Mike Ramos, DA for San Bernardino County, called Proposition 34 an attack on victims' rights and the families who have lost loved ones by the actions of some of the "most horrendous killers in the nation that we have sitting on death row."

"This is probably, since I've been elected DA in 2003, the most important initiative that we need to oppose," said Ramos.

"We cannot allow 700-plus death row inmates to be placed back into the general population as lifers, so they can enjoy TV, read their magazines, their newspapers, books and visit family members as the wife of a peace officer gets to go down to the cemetery," said Ramos.

But Woodford argues that's not the reality of life in prison without possibility of parole.

"That just doesn't recognize the realities of death row," she said. "On death row the inmates are single celled. They get to stay in their cell and watch TV all day and read the newspapers and magazines that are often sent to them by their legal teams, which they have for life.

"Less than 10 percent of death row inmates work," she said. "They can be out on the exercise yard for up to six hours a day. They're allowed to have visiting seven days a week."

However, inmates serving life without possibility are doubled celled. They are required work five days a week at least six hours a day. They pay restitution to the victims' compensation fund, she said.

"That is holding them accountable in some way," she said.

Carlos Moreno, a former justice of the California Supreme Court, voted to uphold 200 death sentences while on the court and says each of the convicted defendants "richly deserved to die," according to the Yes on 34 website. But he supports Prop. 34, saying "there's no chance California's death penalty can ever be fixed. The millions wasted on this broken system would be much better spent keeping teachers, police and firefighters on their jobs."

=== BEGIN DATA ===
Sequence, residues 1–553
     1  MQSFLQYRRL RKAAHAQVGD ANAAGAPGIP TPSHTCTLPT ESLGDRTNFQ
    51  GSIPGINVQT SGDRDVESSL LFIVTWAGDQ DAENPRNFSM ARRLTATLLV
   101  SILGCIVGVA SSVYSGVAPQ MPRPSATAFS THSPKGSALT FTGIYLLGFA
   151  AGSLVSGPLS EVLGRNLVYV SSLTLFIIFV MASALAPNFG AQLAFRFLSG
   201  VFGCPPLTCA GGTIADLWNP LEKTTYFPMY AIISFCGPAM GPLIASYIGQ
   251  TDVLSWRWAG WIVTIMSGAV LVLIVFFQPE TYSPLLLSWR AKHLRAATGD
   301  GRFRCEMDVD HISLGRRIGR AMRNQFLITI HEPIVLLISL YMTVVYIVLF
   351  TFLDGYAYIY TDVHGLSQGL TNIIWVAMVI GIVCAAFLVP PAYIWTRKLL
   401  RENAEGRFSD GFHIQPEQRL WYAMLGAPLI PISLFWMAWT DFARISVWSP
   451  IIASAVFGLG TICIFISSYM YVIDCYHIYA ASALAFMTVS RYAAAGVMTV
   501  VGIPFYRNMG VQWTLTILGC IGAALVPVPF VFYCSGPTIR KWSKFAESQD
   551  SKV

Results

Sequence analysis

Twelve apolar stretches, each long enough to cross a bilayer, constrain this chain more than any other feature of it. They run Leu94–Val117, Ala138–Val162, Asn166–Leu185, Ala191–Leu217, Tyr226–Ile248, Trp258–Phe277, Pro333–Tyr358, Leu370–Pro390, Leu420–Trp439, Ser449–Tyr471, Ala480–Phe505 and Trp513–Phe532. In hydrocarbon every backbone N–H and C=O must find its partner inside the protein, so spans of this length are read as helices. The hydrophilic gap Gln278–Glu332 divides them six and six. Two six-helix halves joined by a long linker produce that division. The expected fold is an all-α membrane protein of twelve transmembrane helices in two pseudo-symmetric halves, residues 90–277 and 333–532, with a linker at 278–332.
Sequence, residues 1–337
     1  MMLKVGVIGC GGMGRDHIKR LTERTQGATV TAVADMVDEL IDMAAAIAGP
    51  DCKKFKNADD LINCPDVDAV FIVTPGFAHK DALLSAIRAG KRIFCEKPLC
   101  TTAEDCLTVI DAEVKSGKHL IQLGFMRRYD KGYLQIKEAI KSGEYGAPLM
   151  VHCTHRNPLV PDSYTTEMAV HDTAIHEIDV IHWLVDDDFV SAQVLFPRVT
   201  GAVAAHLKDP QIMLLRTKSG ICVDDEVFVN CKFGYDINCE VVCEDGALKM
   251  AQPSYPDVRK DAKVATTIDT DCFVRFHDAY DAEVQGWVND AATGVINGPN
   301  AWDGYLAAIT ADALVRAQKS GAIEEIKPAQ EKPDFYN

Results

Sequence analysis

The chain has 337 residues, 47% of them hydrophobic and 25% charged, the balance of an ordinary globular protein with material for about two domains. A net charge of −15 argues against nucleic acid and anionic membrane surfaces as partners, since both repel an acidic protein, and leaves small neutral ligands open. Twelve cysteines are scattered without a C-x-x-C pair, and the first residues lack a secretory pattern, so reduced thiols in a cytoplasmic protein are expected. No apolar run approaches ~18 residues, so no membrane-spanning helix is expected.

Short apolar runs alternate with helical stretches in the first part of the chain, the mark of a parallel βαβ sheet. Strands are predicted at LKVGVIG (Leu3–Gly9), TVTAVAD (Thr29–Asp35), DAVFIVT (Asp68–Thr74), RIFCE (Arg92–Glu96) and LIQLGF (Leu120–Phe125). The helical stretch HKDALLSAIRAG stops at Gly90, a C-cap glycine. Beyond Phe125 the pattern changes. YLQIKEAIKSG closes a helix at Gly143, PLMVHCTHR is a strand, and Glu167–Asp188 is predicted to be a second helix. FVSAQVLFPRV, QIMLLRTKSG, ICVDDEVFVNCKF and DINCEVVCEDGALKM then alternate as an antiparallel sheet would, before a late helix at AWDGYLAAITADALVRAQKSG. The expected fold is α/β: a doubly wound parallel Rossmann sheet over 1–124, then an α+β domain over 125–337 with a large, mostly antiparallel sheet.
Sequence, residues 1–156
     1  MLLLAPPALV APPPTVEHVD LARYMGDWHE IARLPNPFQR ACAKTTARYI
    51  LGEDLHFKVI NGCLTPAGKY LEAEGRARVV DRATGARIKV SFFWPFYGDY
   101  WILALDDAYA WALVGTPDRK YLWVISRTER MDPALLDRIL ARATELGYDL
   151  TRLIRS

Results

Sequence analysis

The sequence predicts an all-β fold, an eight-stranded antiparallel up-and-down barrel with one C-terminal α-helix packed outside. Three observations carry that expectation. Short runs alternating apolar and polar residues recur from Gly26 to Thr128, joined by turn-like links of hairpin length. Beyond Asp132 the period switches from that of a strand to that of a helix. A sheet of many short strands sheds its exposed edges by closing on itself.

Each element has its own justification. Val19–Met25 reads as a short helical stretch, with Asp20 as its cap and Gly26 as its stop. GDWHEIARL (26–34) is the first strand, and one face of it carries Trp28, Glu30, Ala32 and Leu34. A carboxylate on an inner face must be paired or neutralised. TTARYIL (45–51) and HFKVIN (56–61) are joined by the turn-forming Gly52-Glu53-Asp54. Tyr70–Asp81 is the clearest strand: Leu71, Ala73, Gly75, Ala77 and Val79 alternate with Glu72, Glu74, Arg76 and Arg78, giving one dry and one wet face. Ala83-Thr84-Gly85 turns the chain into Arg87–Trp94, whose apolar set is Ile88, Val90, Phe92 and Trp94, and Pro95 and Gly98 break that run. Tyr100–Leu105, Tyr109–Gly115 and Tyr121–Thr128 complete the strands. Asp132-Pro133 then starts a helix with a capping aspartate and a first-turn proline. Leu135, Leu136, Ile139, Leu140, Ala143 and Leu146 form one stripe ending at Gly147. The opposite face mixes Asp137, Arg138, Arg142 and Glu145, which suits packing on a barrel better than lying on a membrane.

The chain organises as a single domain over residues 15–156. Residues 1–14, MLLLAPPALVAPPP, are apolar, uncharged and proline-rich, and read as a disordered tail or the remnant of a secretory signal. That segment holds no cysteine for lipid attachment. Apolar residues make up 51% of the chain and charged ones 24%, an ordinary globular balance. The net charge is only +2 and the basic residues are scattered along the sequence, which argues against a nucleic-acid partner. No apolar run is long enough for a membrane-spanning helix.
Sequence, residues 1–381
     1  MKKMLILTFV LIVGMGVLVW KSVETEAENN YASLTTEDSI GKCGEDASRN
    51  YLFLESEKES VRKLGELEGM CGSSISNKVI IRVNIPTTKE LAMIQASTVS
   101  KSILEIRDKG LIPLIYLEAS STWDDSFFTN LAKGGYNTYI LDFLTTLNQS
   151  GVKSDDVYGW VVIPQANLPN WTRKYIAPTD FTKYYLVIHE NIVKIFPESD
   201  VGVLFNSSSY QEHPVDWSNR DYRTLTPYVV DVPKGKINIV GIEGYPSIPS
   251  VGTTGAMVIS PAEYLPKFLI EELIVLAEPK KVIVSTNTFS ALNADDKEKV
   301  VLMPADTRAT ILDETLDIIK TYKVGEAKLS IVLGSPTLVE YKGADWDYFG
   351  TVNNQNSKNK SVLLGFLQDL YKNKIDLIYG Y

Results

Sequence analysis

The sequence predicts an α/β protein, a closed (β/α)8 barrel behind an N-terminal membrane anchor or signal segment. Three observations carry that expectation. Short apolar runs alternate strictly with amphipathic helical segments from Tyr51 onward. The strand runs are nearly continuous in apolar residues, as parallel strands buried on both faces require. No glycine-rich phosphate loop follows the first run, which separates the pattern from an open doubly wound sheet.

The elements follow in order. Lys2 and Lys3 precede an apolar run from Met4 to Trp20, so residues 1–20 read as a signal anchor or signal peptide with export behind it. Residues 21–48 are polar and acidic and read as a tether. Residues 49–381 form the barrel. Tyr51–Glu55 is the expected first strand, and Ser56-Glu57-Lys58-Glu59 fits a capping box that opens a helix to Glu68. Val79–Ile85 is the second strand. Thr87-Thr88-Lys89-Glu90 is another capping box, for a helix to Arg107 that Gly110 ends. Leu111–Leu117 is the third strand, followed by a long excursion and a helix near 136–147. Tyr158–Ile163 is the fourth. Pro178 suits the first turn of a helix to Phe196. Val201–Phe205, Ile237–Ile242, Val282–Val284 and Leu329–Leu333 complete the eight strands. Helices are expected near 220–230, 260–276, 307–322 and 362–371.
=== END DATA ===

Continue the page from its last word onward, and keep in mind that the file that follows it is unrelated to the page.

But Kermit Alexander, a star football player for UCLA and from 1963 to 1969 with the San Francisco 49ers, takes a more personal view in his opposition to repealing the death penalty. His mother, sister and two nephews, age 8 and 13, were murdered Aug. 31, 1984, in South Los Angeles during a home invasion by members of the Rollin 60's Neighborhood Crips. The intended victims lived two doors away.

"I had four members of my family murdered by a criminal who had gone to the wrong house, as it turned out," Alexander said. "He's been sitting on death row for 30 years. He's exhausted all of his appeals and should have been gone a long time ago.

"I was raised to be accountable for my actions, and the state's not doing that with its citizens," he said. "Those who are accountable for specific murders should be taken care of." They should not be allowed to linger and have appeals and all kind of delays.

"That only tortures the families that they murdered."

Proposition 34

YES means: No offenders could be sentenced to death under state law. Offenders who are currently under a sentence of death would be resentenced to life without the possibility of parole. The state would provide a total of $100 million in grants to local law enforcement agencies over the next four years.

NO means: Certain offenders convicted of murder could continue to be sentenced to death. The status of offenders currently under a sentence of death would not change. The state would not be required to provide local law enforcement agencies with additional grant funding.